University of Wisconsin–Madison

Erin Faigin

TA: History 219, Professor Michels; Julie A. and Peter M. Weil Distinguished Graduate Fellow

faigin@wisc.edu

Advisors: Tony Michels, Amos Bitzan, Susan Johnson, and Cindy Cheng

Office: 4274 Mosse Humanities
Mailbox: 4088 Mosse Humanities
Phone: 608.265.9480
Office Hours: Mondays 2:30-3:30, Wednesday 3:30-4:30

Erin Faigin


Biography

My work focuses on Yiddish literature and culture in Los Angeles and Chicago as a tool to understand diversity in the American Jewish experience, outside of standard assimilationist narratives and beyond New York exceptionalism. The untranslated literature of the West is a window into how immigrants understood and inserted themselves into American history. These narratives contain complex syncretic mythologies that tie together the Old World and the New West. My research interests move beyond the American West following the global Jewish diaspora. With a strong understanding of Eastern European and Jewish history, I am better equipped to understand my West and its peoples. The conceptual frameworks that guide my research include diaspora, frontier, and borderland studies. My work interrogates both the concept of secularism and Jewishness in the 20th century.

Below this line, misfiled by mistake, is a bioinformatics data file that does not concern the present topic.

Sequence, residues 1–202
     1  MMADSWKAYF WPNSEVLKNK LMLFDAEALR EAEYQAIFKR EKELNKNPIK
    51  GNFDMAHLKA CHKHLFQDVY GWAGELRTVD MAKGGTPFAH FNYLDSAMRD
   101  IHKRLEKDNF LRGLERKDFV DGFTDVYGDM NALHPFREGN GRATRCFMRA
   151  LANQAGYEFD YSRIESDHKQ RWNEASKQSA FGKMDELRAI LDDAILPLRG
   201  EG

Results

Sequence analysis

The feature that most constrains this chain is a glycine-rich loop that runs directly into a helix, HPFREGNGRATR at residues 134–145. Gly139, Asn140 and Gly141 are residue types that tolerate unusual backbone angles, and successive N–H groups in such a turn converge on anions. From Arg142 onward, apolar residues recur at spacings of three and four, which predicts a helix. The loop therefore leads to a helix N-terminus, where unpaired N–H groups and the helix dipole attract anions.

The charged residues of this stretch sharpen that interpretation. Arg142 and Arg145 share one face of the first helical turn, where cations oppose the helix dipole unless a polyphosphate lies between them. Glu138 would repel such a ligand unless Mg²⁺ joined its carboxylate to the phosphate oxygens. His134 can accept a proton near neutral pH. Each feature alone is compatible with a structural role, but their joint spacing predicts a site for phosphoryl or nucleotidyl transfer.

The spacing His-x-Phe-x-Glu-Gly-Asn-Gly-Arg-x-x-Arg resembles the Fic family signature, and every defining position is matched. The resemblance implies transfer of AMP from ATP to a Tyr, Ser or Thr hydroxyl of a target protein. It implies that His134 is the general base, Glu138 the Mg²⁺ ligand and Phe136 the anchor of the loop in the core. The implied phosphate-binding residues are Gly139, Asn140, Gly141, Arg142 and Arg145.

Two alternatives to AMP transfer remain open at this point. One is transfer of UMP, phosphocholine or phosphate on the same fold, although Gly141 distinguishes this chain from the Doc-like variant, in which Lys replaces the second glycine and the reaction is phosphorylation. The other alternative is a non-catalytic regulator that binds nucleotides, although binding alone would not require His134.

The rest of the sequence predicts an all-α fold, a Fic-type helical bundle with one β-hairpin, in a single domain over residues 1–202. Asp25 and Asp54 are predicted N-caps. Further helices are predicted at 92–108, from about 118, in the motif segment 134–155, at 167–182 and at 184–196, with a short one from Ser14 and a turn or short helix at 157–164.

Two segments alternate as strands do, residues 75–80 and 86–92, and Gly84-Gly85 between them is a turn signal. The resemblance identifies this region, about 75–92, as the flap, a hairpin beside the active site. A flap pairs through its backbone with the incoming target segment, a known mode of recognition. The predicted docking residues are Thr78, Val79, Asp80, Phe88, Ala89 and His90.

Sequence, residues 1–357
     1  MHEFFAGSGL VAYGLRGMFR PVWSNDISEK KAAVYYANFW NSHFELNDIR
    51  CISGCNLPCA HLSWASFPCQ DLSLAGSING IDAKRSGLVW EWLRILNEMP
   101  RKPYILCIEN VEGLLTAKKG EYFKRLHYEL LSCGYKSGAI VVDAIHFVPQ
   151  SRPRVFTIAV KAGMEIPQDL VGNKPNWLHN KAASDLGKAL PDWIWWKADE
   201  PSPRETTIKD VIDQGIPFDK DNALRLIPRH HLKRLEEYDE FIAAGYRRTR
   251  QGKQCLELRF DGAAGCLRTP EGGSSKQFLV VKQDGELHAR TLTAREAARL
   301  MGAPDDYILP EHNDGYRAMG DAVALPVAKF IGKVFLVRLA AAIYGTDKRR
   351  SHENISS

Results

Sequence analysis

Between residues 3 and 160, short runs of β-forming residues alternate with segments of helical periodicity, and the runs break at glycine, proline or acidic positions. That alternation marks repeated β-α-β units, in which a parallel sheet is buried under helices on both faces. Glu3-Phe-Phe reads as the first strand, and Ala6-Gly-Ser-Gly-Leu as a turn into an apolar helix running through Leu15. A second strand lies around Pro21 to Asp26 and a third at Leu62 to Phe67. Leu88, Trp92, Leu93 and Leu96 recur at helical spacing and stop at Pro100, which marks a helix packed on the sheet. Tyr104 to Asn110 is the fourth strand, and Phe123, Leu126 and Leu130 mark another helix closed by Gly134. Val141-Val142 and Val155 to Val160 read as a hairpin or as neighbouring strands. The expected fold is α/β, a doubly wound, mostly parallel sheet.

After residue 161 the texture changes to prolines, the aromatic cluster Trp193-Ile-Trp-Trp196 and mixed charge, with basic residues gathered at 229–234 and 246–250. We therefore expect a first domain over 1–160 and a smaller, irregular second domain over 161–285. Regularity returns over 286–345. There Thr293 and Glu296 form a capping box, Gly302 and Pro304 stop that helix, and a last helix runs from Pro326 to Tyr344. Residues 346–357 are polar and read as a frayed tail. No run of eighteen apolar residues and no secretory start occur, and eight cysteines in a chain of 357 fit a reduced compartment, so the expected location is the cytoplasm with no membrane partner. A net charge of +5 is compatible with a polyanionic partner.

Education

B.A., History, UC Berkeley, 2016

Field

  • United States History

Selected Publications

  • “Where Text Meets Sweat: Reading Yiddish Utopia in the Utah Landscape.” In geveb: A Journal of Yiddish Studies, December 2017.
  • “Lernen yidish far sholem: Teaching Yiddish in a Secular Jewish School.” In geveb: A Journal of Yiddish Studies, March, 2017.
  • “Reflections on Space in Learning Yiddish.” In geveb: A Journal of Yiddish Studies, December 2015.
  • Anti-fascist Yiddish Song: Shneer and Eisenberg on Lin Jaldati.” Interview, In geveb: A Journal of Yiddish Studies, February 2016.
  • Reflections on Space in Learning Yiddish.In geveb: A Journal of Yiddish Studies, December 2015.

Professional Affliations

  • Modern Language Association

Courses Taught as TA

  • History 219 — The American Jewish Experience: From Shtetl to Suburb